Pandemic-induced lockdowns have yielded stories of both hardship and resilience. This extends to the Kinship and foster carer community, which has weathered unique challenges as children are physically (and sometimes virtually) cut off from their biological families.
A new report by the University of Sydney Research Centre for Children & Families sheds light on these experiences. Researchers surveyed organisations working with foster and Kinship carers in NSW throughout 2020, and found that various positives for Aboriginal communities emerged:
One Aboriginal worker said:
The government’s telling everyone to isolate away from Elders. Ours was the complete opposite where our families join together. Family is the most important. Family is what keeps us together and keeps us going.
Yet, there were also negatives for carers, including First Nations carers, such as:
In general, out-of-home care services painted a grim picture, with over 220 carers contacting the statewide carer support line throughout the year. Many of the state’s accredited out-of-home care service providers reported that carers were struggling to cope with the loss of children’s normal routines like school, therapy and visits with family members.
One organisation explained: "Overall stress levels appear higher for some carer families which has impacted the capacity to deal with existing complex issues."
Having already faced significant trauma and loss, children in out-of-home care need predictability even more than other children.
The uncertainty of COVID-19 often led to increased anxiety levels and emotional imbalance for children and left many foster carers stressed and in desperate need of time out from caring responsibilities.
“Despite existing financial stress and social disadvantage, the self-reliance and resilience of Aboriginal communities emerged as a strength that helped Kinship carers cope during 2020,” said Dr Susan Collings, Research Fellow and Program Lead, Disability and Child Protection, Research Centre for Children and Families.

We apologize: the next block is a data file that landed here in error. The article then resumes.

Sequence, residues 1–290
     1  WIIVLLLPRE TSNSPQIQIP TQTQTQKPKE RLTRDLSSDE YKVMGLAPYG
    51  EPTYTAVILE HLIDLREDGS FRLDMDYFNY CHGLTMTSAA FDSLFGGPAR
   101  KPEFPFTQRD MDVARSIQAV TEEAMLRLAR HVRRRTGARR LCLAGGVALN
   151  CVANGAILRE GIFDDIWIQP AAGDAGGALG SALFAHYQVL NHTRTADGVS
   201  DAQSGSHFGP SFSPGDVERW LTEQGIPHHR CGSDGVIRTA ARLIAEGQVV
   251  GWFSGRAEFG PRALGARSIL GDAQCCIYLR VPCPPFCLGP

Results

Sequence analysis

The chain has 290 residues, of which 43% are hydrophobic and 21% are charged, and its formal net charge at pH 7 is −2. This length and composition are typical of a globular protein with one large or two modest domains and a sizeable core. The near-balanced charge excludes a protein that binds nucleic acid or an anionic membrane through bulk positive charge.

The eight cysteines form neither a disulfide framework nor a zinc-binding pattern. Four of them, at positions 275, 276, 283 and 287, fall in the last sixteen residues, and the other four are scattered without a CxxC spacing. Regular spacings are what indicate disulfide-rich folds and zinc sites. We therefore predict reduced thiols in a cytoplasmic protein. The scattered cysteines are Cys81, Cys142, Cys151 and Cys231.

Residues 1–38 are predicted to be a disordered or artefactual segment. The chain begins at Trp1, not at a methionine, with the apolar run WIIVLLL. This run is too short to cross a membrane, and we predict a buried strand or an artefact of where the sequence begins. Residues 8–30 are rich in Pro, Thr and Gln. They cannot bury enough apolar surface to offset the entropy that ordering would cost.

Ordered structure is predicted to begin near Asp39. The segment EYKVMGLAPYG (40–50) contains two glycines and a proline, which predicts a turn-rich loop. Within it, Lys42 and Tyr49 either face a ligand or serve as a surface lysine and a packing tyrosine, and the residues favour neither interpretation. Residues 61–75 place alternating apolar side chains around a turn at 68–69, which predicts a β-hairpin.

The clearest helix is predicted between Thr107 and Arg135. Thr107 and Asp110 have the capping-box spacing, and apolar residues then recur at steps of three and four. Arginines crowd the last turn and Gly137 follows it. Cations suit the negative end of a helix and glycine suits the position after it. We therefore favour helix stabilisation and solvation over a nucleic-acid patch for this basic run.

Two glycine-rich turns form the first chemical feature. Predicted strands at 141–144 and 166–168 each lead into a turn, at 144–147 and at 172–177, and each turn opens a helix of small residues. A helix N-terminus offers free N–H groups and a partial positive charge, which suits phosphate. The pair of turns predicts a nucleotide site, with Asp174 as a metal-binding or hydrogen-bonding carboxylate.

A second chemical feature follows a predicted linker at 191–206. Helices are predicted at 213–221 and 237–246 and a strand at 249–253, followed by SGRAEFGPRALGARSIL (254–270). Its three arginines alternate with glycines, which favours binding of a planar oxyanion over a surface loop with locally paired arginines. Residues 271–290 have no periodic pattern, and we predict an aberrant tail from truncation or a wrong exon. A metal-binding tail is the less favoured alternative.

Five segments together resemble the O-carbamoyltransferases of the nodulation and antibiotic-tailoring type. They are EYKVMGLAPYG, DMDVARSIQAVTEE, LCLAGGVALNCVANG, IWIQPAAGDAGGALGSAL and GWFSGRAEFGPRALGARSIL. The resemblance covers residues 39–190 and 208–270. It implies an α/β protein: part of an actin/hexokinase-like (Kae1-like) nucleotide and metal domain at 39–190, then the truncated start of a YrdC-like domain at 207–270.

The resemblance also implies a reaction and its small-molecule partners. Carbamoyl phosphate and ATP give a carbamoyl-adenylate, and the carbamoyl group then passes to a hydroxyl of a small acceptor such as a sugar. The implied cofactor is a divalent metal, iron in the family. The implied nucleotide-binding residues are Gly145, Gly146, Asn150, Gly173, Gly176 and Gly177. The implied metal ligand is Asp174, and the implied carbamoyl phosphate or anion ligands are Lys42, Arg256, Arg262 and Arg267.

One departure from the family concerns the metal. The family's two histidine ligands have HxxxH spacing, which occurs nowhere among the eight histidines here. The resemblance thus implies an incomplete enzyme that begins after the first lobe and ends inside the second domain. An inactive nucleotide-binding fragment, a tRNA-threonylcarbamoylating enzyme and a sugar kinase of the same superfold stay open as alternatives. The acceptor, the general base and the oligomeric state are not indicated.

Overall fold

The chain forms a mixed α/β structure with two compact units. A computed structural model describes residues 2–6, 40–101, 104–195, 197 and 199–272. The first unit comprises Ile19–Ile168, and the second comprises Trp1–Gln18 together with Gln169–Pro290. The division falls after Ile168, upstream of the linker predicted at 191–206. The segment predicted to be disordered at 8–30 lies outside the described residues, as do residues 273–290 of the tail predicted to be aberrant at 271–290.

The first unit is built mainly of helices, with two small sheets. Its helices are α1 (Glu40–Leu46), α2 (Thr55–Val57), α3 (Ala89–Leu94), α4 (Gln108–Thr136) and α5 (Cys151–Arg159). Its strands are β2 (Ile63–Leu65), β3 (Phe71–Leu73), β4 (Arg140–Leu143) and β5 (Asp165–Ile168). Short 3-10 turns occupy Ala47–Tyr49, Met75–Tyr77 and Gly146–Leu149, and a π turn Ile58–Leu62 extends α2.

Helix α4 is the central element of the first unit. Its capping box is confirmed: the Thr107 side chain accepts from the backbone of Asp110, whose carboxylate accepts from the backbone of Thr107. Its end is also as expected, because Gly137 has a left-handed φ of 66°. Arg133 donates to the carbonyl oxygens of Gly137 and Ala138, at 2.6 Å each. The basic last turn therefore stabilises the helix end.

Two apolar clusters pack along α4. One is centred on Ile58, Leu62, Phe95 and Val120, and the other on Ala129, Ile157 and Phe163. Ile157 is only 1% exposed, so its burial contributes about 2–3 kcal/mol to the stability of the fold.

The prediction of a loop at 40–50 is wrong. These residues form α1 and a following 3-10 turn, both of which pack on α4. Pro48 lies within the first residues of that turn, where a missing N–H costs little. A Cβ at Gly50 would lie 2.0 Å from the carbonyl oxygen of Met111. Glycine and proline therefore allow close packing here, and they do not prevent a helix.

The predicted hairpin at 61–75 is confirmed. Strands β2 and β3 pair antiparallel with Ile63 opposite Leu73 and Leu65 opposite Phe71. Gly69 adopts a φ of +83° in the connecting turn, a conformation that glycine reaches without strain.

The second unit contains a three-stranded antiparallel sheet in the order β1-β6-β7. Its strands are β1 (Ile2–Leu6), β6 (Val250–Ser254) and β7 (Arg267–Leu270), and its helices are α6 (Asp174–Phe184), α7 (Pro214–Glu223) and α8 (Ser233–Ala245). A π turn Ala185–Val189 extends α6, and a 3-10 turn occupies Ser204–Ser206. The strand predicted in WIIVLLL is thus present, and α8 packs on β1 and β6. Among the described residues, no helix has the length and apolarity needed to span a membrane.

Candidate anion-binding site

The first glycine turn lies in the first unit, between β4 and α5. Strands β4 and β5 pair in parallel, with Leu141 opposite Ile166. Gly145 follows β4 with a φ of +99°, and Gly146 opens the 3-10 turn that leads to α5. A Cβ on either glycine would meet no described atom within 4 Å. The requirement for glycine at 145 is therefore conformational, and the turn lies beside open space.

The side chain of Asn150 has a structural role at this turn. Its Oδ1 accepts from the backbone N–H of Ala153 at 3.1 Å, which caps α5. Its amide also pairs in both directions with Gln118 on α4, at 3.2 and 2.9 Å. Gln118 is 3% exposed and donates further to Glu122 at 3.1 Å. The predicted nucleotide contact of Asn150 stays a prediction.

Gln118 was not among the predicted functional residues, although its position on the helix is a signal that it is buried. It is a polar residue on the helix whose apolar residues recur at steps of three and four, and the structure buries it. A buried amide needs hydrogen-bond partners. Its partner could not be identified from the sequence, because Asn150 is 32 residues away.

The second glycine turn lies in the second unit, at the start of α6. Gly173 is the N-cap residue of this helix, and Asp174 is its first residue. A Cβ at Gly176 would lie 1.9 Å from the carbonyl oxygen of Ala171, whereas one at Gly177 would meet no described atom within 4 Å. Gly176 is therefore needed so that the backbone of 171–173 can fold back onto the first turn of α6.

Yet Dr Collings noted that the report’s findings suggest there is much room for improvement for all out-of-home carers: “The main areas of carer support needs related to keeping children in contact with their families, schooling from home, and coping with the impact on children’s behaviour of losing everyday routines.
Research shows that Aboriginal families were already doing it tough before the pandemic, with many of their Kinship carers live on the wrong side of the digital divide.
For some carers, there was no working computer at home, and they were based outside big cities without reliable internet. Some older carers also have low technology literacy. These factors all had the potential to become critical barriers when the COVID-19 pandemic hit.
“As New South Wales is enduring an extended lockdown and the latest COVID-19 outbreak spreads to other states such as Victoria, lessons from Aboriginal communities should be heeded to ensure lockdowns do not cause further harm to our most vulnerable children and families,” Dr Collings said.
The researchers drew on four data sources to provide a snapshot of foster and Kinship carers’ experiences in New South Wales during 2020. The data collection for the study included: 222 telephone support requests to My Forever Family carer support and training provider; 36 online surveys of registered Out of Home Care organisations; nine semi-structured interviews with workers at services that support Aboriginal families; and 30 case summaries from specialist therapeutic services for children in care.
Declaration: The Research Centre for Children and Families receives core funding from the NSW Government through the Department of Communities and Justice.
Hero image: Three Rivers by Aunty Lorraine Brown and Aunty Narelle Thomas, Coomaditchie United Aboriginal Corporation.